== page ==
If you are searching for some authentic Jamaican recipes to bring some Caribbean flavor to your home, then you have come to the right place.
If you have ever been to Jamaica you will know the local cuisine is much more than just jerk chicken with rice.
That is not a slight on jerk chicken as the dish is personally one of my favorites but, the island nation has a palette to challenge even the most popular foodie nation.
Jamaica has foods that are vibrant, fruity, spicy and unique to the country that you will not find anywhere else.
Many of the traditional Jamaican dishes are inspired from the surrounding islands, that blend together seafood, fish and oxtail with some regional vegetables and fruit.
There is of course a jerk chicken recipe (see also ‘24 Simple Canned Chicken Recipes‘) within this article but it’s one I absolutely love. But read on and take in 20 Jamaican recipes that contain plenty of delicious local cuisines.
Oxtail does not look the most appetizing cut of beef but appearances can be deceiving, if you have never cooked with oxtail before maybe it is time to give it a go.
The cut of meat does have some extra fat, this does produce some rich flavourful stock and when it is slow cooked it can be more tender than any other cut of beef.
Cabbage seems an odd choice to be the center point of a dish after all it is just a side for most of us, but this colorful Jamaican twist on an inexpensive ingredient means this meal is quick and easy to make.
The Scotch Bonnet Pepper (see also ‘18 Recipes That Make Anaheim Peppers The Star Of The Show‘) is my personal highlight of this dish. Adding the perfect amount of heat that is not overwhelming and gives new life to a vegetable many assume to be mild and dull.
Similar to spinach, callaloo is cooked with an onion, tomatoes, green onions and once again a Scotch Bonnet Pepper (see also ‘5 Substitutes To Use Instead Of Scotch Bonnet Pepper‘). If you can not find any callaloo then collard greens would make a fine alternative.
A combination of spinach and a large green cabbage would work in place too.
4. Jerk Chicken
Now the one I have looking forward to sharing with you.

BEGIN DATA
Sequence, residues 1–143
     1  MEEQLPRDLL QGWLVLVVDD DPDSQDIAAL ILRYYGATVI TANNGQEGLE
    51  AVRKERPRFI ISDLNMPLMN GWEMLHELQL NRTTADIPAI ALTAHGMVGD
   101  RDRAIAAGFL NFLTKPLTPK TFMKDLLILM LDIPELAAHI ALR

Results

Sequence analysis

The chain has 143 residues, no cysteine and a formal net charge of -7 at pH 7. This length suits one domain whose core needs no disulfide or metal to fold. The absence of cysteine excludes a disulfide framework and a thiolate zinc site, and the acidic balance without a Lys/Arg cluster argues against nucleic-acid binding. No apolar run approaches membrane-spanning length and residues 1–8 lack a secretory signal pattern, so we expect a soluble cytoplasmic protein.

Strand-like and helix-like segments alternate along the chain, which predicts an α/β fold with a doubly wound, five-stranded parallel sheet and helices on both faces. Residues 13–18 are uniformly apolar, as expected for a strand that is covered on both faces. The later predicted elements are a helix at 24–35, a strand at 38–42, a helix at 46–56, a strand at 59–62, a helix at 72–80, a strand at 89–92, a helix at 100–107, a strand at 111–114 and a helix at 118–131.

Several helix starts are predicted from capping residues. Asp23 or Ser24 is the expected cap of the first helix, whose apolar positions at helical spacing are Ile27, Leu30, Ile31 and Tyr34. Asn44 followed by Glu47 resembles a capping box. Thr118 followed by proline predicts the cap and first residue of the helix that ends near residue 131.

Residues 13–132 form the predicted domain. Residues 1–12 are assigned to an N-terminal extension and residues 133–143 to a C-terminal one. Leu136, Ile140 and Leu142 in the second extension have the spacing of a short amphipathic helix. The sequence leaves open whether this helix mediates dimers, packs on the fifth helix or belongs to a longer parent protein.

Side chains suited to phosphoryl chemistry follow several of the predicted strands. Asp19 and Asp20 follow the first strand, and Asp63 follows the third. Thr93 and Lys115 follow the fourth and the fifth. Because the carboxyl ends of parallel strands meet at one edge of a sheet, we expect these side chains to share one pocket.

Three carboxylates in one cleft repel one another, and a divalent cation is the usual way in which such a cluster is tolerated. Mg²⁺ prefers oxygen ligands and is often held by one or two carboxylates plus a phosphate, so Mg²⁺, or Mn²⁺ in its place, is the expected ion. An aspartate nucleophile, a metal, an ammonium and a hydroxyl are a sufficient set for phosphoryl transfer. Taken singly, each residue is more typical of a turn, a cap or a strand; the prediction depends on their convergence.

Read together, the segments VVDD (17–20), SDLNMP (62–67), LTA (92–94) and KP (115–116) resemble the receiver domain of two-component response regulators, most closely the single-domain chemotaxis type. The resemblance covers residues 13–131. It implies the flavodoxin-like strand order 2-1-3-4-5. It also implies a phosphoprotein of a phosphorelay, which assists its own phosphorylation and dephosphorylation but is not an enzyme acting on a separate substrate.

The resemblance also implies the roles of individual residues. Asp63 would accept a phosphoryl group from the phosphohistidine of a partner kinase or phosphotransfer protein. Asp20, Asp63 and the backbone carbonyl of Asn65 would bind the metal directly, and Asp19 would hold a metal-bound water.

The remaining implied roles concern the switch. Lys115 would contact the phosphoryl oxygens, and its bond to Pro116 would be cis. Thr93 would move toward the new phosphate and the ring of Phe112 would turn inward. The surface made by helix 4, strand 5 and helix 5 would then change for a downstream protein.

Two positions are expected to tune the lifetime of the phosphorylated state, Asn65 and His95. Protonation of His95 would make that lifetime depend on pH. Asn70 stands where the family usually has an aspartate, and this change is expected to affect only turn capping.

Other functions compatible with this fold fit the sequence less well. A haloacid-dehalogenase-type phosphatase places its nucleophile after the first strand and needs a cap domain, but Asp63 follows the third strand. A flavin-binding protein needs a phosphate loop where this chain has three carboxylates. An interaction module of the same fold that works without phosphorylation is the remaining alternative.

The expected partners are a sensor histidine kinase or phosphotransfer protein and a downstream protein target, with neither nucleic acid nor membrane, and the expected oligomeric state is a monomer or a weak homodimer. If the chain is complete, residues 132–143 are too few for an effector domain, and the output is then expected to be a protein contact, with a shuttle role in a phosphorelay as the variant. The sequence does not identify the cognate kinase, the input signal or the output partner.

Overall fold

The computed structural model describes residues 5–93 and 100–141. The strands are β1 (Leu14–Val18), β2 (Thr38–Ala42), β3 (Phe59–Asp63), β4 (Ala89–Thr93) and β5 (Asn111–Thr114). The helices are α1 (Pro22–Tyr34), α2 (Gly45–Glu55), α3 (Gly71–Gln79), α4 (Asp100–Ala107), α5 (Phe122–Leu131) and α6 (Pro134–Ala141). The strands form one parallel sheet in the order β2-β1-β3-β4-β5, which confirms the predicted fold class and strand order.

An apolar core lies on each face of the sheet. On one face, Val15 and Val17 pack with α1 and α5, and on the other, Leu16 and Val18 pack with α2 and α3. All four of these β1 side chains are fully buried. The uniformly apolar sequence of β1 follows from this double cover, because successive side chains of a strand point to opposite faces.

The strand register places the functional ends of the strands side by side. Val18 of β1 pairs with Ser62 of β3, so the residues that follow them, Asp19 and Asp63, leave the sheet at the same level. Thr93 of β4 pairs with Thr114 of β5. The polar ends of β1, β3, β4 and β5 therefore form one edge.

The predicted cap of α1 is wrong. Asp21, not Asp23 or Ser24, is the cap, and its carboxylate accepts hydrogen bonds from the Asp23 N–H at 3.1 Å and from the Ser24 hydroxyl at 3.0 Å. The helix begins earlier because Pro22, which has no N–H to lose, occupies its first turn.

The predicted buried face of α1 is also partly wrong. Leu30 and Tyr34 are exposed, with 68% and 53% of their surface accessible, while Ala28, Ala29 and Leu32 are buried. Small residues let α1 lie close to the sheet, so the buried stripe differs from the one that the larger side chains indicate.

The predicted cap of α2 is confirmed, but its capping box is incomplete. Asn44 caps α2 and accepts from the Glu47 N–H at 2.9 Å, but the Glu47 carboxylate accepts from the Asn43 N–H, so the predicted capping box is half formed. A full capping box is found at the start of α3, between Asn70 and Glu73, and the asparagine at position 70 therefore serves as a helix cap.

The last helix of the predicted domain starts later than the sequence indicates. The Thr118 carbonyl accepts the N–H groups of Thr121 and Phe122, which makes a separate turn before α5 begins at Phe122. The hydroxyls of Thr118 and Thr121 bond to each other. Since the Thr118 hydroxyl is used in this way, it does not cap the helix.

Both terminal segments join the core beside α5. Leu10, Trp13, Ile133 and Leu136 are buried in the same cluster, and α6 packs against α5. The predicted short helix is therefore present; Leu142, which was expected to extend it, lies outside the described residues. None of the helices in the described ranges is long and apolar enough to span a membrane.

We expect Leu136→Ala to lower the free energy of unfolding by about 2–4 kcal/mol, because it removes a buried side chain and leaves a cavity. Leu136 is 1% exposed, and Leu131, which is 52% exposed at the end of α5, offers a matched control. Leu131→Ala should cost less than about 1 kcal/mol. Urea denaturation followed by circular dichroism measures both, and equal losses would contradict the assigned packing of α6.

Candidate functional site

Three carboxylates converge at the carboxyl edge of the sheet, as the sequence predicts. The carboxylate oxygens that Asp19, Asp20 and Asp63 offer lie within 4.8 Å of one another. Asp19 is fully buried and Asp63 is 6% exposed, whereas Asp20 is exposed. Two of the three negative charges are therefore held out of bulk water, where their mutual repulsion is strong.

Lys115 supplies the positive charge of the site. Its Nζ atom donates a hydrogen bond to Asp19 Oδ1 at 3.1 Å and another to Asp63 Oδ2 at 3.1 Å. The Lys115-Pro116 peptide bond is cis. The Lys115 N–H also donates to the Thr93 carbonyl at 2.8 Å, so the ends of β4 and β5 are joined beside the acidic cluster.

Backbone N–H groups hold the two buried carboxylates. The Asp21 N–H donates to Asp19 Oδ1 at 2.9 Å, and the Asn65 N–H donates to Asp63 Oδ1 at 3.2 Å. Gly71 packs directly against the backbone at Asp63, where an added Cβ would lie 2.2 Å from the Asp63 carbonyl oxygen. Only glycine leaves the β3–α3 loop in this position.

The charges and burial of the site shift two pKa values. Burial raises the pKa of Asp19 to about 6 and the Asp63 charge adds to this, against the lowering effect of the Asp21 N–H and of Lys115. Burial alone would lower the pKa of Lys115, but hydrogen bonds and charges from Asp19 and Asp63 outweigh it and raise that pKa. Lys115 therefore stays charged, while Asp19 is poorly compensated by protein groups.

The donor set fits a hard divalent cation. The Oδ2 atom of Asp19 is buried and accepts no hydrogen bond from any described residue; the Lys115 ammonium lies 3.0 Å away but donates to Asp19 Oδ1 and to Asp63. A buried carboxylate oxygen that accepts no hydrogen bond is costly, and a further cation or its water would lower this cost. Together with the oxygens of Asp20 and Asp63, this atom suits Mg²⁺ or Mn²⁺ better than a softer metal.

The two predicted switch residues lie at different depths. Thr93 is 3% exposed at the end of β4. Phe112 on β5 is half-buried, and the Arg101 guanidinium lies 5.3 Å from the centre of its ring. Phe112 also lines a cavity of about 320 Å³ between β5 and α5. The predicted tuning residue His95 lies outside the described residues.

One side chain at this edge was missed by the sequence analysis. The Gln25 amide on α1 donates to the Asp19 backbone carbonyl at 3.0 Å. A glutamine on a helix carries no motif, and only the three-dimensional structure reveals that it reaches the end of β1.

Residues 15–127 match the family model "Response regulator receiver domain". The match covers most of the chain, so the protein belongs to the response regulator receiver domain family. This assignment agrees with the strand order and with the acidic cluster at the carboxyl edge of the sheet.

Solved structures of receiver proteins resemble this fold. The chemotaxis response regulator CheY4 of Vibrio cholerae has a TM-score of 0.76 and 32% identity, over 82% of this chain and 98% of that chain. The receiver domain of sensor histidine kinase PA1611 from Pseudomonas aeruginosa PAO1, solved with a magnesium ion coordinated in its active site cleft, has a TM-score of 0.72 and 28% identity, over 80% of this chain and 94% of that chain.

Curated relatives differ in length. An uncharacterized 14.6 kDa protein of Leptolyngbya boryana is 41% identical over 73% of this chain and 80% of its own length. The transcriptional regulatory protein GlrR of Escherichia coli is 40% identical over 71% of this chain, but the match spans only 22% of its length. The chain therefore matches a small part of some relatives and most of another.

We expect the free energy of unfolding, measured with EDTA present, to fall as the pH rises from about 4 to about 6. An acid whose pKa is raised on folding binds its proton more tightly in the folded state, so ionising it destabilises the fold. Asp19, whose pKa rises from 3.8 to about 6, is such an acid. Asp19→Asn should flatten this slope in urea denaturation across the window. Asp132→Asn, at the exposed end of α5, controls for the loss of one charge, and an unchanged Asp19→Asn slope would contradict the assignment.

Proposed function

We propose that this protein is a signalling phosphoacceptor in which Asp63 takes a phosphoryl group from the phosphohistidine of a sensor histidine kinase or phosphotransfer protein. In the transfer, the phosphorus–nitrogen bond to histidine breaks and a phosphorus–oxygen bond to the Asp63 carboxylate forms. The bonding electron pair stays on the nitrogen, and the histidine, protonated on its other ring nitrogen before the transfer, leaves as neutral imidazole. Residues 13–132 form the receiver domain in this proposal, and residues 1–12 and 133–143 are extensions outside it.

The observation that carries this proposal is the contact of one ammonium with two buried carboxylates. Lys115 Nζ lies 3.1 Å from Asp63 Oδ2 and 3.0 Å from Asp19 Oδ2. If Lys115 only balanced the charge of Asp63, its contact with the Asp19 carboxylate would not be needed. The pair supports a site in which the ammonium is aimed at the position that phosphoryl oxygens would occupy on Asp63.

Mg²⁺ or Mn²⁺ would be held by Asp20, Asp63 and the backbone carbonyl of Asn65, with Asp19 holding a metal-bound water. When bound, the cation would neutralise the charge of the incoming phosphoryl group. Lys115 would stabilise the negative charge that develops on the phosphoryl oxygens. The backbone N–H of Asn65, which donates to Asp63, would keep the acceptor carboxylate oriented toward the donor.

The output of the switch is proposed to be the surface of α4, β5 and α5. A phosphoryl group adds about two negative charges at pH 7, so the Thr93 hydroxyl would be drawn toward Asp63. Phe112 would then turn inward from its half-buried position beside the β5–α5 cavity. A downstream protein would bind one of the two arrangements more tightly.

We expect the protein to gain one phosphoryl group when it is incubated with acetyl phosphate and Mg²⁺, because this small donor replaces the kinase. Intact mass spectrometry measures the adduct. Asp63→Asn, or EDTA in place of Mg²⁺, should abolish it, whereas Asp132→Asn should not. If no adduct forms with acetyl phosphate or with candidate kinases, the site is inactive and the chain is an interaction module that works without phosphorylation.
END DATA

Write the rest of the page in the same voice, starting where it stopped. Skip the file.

When you decide to make jerk chicken it is always a good idea to use thighs and legs with the bones still in, the dark meat pairs much better with the powerful spices and the cuts of meat are much juicer.
They bake up great in the oven but can be grilled and the added smokey flavor will truly enhance the marinade.
Word of warning before you decide to make this dish, if you can not handle a fiery plate of food then this dish may not be for you. Still here? Perfect, dicing the peppers allows the flavor to spread all over the shrimp.
The hot peppers can be swapped out for a less spicy variant and you will still have a plate of beautifully seasoned shrimp.
At first glance Jamaican curry may look no different to some Asian curries that you are perhaps more accustomed to, they do use many of the same ingredients but the taste is totally unique.
Your typical Jamaican curry will have a lot more warmth to it than its Asian counterparts. This comes via the ever present scotch bonnet peppers and the additional all-spice and turmeric that really hits the spot.
This meal is simple but effective and is packed with flavor, it also is the ideal partner for jerk chicken. The dish may be known as rice and peas but the recipe is actually made with kidney beans.
Cooking the rice in a broth of stock and coconut cream ensures that the dish remains tender and flavorful, as you have come to expect, yes there is scotch bonnet pepper in this so you can omit it if you prefer it to be mild.
This is a Jamaican twist on a beef filled hand pie we see worldwide, the ingredients are similar to the British Cornish pasty with beef, onion and carrot mixed with some curry powder.
To ensure you get the perfect golden finish, seal the edges and brush with egg yolk.
This hearty breakfast meal uses an odd combination of cornmeal, condensed milk, cinnamon and nutmeg to make a surprisingly tasty breakfast. Add in mango or coconut shavings for a warm, filling way to start the day.
Plantain is a truly unique food and when combined with brown sugar and some sticky maple syrup it transforms into an incredible sticky snack that will satisfy all that taste it.
Sweet fried plantain is fried and covered with syrup, sugar and some coconut oil.
Once fried they need only a few minutes to soften and begin to caramelize.
Now I know what you are thinking, ‘carrot juice?’ You will have to trust me on this but Jamaican carrot juice is a game changer.
It is made with condensed milk and spices that create a creamy drink, you can also make it with coconut milk to create a nuttier flavor.
12. Jamaican Carrots
These are not your typical carrots that your mom would make. These carrots are soaked in hot sauce, pineapple juice and cumin for the ultimate flavor packed carrot.